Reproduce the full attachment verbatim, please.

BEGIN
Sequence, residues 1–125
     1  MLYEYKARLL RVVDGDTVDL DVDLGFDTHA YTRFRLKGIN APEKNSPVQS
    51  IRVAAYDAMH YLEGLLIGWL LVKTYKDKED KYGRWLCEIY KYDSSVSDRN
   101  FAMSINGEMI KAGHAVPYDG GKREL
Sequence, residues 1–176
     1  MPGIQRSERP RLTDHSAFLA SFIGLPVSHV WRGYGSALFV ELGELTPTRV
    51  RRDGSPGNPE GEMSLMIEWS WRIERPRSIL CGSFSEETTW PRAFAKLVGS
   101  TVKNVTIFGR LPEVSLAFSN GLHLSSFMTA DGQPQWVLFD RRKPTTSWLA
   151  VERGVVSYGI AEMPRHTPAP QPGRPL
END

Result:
Sequence, residues 1–125
     1  MLYEYKARLL RVVDGDTVDL DVDLGFDTHA YTRFRLKGIN APEKNSPVQS
    51  IRVAAYDAMH YLEGLLIGWL LVKTYKDKED KYGRWLCEIY KYDSSVSDRN
   101  FAMSINGEMI KAGHAVPYDG GKREL
Sequence, residues 1–176
     1  MPGIQRSERP RLTDHSAFLA SFIGLPVSHV WRGYGSALFV ELGELTPTRV
    51  RRDGSPGNPE GEMSLMIEWS WRIERPRSIL CGSFSEETTW PRAFAKLVGS
   101  TVKNVTIFGR LPEVSLAFSN GLHLSSFMTA DGQPQWVLFD RRKPTTSWLA
   151  VERGVVSYGI AEMPRHTPAP QPGRPL